Community cinema is awesome. AWESOME!! Running a community cinema, or film society, is awesome too. It can also be tough. Testing at times. Most people running film clubs do so outside of a demanding 9-to-5. Many have families. Add to that the fact that they are planning and delivering events with little to no funding, little to no previous experience and you begin to realise the commitment required to keep a club going. You learn pretty quick that small wins are a big deal – The projector didn’t cut out. Win! The cake didn’t poison anyone. Win! We broke even on ticket sales this month and can afford to pay the license fee. Win! We still get a buzz any time someone buys a ticket, “people actually want to come to our thing!”
Today marks the fifth anniversary of film exhibition under the Minicine banner and while ours may only be a short history it’s one we’re very proud of. A short history, a big deal.
On April 1st 2010, Edel Doherty and Daniel Guest held the very first Minicine film night at The Palace Picturehouse in Armley Mills Industrial Museum. Being April Fool’s Day, their first feature film choice was Joel and Ethan Coen’s zany kidnapping caper Raising Arizona (and we live in hope that one day Nicolas Cage will return our phone calls and agree to become our patron). Their initial programme set the standard and tone of what a ‘Mincine film’ should be – independent, engaging, thought-provoking, under appreciated and overlooked but worthy of being shown on any screen.
Raising Arizona was preceded by the short film Boyclops by Jay Dahl, the tale of an athletic one-eyed teenager. Shorts have played an important part in Minicine film nights over the last five years and when Edel and Daniel relocated to Cork and Mike McKenny took over day-to-day running, he soon brought Woody into the fold to assist in elevating the profile of shorts films within our programming. Woody would also become head programmer for the Films form the Bakery residency at the now-defunct Dock Street Market. Fellow newbie Jamie McHale helped expand our showcasing of independent North American comedy including Bobcat Goldtwaite’s World’s Greatest Dad and French Canadian coming-of-age story C.R.A.Z.Y. and Adam Ryan contributed to the delivery of Cine-Polskie – a day devoted to classic Polish cinema and food. With a focus on niche, leftfield cinema and a strong championing of the short form, 2012 would be topped off with Minicine winning the British Federation of Film Societies’ (now Cinema For All) award for Best Film Programming at that year’s National Conference at Institut Francais in London.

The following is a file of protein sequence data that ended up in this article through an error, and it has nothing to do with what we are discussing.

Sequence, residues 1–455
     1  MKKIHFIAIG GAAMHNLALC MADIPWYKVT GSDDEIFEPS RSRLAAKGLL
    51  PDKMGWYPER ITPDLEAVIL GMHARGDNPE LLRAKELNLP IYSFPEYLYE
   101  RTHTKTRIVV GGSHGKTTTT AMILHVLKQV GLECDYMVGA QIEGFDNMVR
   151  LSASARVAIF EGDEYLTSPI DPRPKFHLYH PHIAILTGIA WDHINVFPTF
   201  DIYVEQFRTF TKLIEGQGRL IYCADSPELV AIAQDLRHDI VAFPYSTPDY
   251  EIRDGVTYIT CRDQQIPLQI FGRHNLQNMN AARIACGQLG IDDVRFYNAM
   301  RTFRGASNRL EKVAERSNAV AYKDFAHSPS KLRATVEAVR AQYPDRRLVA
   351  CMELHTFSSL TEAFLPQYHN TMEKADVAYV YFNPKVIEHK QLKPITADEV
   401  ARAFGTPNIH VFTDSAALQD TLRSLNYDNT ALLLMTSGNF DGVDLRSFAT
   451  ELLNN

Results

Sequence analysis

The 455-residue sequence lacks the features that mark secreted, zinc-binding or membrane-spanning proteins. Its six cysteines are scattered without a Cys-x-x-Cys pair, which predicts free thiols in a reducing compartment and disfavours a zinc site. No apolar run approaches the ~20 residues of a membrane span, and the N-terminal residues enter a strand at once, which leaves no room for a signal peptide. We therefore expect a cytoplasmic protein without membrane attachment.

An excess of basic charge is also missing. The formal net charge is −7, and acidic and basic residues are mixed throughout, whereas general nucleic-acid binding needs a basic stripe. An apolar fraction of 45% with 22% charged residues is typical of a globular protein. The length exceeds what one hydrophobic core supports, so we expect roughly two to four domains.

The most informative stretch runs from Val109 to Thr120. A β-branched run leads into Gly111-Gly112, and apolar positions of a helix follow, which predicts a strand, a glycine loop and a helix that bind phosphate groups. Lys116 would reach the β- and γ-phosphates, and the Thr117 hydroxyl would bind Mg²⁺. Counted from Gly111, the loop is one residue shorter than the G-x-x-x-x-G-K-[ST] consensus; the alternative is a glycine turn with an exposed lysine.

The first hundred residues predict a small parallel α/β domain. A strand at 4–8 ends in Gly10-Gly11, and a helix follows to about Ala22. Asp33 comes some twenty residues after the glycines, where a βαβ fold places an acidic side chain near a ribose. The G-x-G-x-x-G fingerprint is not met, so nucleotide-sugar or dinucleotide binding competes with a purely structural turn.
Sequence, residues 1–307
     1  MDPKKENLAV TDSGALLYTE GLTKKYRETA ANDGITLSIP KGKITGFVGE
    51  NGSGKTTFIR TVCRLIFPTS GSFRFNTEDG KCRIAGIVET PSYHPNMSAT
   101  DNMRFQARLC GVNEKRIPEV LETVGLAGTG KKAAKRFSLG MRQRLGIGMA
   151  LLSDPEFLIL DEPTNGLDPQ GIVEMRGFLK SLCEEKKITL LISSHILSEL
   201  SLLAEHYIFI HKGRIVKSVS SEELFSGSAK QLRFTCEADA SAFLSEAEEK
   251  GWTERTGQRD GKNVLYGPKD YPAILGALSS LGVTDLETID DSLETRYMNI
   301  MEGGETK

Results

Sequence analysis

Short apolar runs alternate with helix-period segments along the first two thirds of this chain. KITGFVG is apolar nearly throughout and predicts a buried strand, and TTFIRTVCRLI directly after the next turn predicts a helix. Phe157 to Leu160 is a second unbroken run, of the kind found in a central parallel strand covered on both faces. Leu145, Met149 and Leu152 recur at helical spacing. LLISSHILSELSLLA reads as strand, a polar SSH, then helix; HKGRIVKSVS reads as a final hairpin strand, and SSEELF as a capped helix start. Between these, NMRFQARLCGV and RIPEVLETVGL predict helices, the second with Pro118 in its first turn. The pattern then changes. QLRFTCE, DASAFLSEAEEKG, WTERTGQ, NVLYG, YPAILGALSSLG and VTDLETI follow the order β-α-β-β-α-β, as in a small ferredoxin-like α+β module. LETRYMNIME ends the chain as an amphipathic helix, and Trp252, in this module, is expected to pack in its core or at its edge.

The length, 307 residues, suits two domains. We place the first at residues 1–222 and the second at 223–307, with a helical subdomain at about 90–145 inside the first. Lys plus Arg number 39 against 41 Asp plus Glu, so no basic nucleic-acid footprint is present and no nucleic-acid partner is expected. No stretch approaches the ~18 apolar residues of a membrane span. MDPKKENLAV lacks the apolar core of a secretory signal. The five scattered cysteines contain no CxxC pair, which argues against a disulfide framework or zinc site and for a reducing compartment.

New opportunities beckoned for many of the team at this time, with Jamie relocating to London, Adam to Birmingham and while Mike stayed closer to home – he was busy co-ordinating the resurrection of the Plaza Cinema in Bradford – Woody was tasked with keeping things ticking over on the Minicine front.
2013 would ultimately be a year of trial and error as the programme was refocused to include more personal and intimate films that showcased characters many audience members had not previously had the pleasure of meeting via a cinema screen, including Kenny the Australian port-a-loo technician, Billy the kid with his no-holds-barred views of society and Jenna the put-upon waitress with a knack for baking the most-inspired pies in town. More consideration too was given to the pairing of short and feature films resulting in a more cohesive film selection at each event.
Following a series of guest bakers, including Tasha McKenny, Kelly McKenny and Cheery Little Thing’s Kay Brown, Abi Standish joined the team to provide her own baking skills but was soon assisting Woody with programming and marketing, and in January 2014 Minicine delivered its first Minicine at The Mills film season. Modern Monochrome Season, African Cinema Season and Animates Season offered us the opportunity to investigate and present examples of cinema that had until then been underserved. A new working relationship with award-winning cake-makers Noisette Bakehouse gave new scope to our film nights, as did the introduction of Video Playlists which showcased the the music video genre, expanding our short film output. and we were able to deliver our most succinct programme yet. In September we travelled to Sheffield for the Cinema For All National Conference and we awarded with distinctions in Best Film Programming and Best Publicity & Marketing and, amazingly, the Special Mention for the Engholm Award for Film Society of the Year.
We’d like to thank everyone, past and present, who has contributed to Minicine in some way over the last five years, but specifically Barry Yates, who has since gone on to set up KinoFólk in The Basement at York’s City Screen, was instrumental in the programming of our recent Nordic Season at Armley Mills; Sally Chadderton, who is busy designing season passes for our upcoming There’s No ‘I’ In Team Season as we speak; Mike McKenny, currently writing a book on Superhero mythology; and congratulations to Edel and Daniel who just last week welcomed baby Fia to the world.
We’d also like to thank you Sarah and Hannah at Noisette Bakehouse for all the baked goods this last year and making the chocolate hotdog a staple of our diets; Lesley and Louise at Armley Mills Industrial Museum, Ellie and Matt at The Gallery at Munro House, Fiona at The Arch Café, Emma at The Orangery – thanks for all your help and letting us screen in your lovely venues.
After all this reminiscing it would probably be appropriate to round things off with a short statement about what the next five years may hold but we’ve already taken up enough of your time, so we’ll just say something cool.
Join us this evening from 7PM upstairs in The Adelphi on Leeds Bridge, the birthplace of moving image, for cake, drinks and Dough Boys pizza. Let us know you’re coming and don’t forget to bring your dancing shoes.